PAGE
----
Today, I regularly hear from owner-operators who are achieving close to 7 mpg, and many exceed that mark. The baseline today is between 6.5 and 7.0 mpg with van-type trailers and streamlined tractors. We’re there because just about everything on or around our trucks has gotten more efficient. The Super Truck program uses $115 million from the American Recovery and Reinvestment Act, also known as the Stimulus Bill, to develop and demonstrate the 50 percent improvement. That would take our 7 mpg trucks to 10.5 mpg in real-world service. The program is also “expected to create approximately 500 new jobs,” according to U.S. Energy Secretary Steven Chu.
In view of the advances made already, is such a goal really achievable? The question reminds me of an urban legend (not really so) that in 1899, the director of the U.S. Patent Office declared, “Everything that can be invented has been invented.”
Of course, that was before the advent of the airplane, satellites, television and computers.
The next steps
So where will these fuel economy improvements come from? While tractor aerodynamics have come a long way in the past one and a half decades, trailer aerodynamics are in their infancy. Since the ’80s, diesel engine efficiency has improved from about 33 percent to more than 40 percent, but there is still a lot of wasted energy to be captured. Tire makers are working on structures and compounds that offer greater fuel efficiencies. Transmission makers are working to optimize engine torque for better overall fuel economy. Even electrical systems can reduce fuel use with capacitor starting systems and electrically driven accessories.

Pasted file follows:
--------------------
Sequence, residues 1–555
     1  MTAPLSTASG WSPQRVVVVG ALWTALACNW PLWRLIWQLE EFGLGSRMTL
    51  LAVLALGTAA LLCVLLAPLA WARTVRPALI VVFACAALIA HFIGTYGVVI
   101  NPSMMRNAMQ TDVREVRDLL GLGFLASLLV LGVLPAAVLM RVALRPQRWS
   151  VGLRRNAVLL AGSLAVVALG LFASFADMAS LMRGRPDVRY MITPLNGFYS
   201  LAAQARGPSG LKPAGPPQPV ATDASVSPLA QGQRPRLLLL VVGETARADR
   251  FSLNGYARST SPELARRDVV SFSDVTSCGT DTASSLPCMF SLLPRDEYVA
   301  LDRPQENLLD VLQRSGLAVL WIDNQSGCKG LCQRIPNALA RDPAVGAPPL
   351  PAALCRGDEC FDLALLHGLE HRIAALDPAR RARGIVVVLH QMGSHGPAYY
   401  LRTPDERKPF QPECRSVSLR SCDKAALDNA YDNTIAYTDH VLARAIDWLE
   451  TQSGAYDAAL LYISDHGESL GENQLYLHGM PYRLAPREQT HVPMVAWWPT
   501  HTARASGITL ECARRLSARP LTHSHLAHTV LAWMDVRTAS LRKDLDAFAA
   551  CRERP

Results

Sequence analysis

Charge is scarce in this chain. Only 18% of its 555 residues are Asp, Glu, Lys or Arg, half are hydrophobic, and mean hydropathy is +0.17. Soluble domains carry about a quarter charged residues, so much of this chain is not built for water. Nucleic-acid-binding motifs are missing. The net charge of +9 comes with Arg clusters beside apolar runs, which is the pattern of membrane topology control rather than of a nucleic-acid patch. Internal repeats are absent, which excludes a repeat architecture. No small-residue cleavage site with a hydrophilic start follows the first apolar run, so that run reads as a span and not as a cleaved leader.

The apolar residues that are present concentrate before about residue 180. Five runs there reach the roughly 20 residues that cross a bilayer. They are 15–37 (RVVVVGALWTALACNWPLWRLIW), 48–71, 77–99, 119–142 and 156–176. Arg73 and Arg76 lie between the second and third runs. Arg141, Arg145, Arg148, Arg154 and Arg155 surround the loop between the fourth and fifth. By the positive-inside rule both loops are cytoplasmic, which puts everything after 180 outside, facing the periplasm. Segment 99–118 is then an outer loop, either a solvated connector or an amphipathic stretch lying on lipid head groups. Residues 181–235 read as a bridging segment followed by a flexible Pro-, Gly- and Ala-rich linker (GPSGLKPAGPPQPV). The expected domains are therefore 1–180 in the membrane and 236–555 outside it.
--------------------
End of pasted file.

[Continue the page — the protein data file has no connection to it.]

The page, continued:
Since so many varied technologies contribute to increased overall efficiency, several teams of manufacturers will partner to develop improved tractor-trailer combinations. Peterbilt will be teamed with Cummins, Delphi, Eaton, Modine, Bridgestone and USXpress Enterprises. International is teamed with Wabash National, Advanced Transit Dynamics (ATD), an unspecified tire maker and fleet operators Safeway and Swift Transportation. Daimler Trucks (Freightliner, Western Star and Detroit Diesel) will be working on aerodynamics and improved engine efficiency.
Idle reduction will factor into fuel savings, so the Peterbilt team will be working on hydrogen fuel cells for auxiliary power. Even though auxiliary power units (APUs) and fuel-fired heaters use as little as 10 percent of what an idling engine does, they still contribute to fuel consumption and produce a carbon footprint. Hydrogen fuel cells generate electricity with no carbon in their exhaust, only water vapor.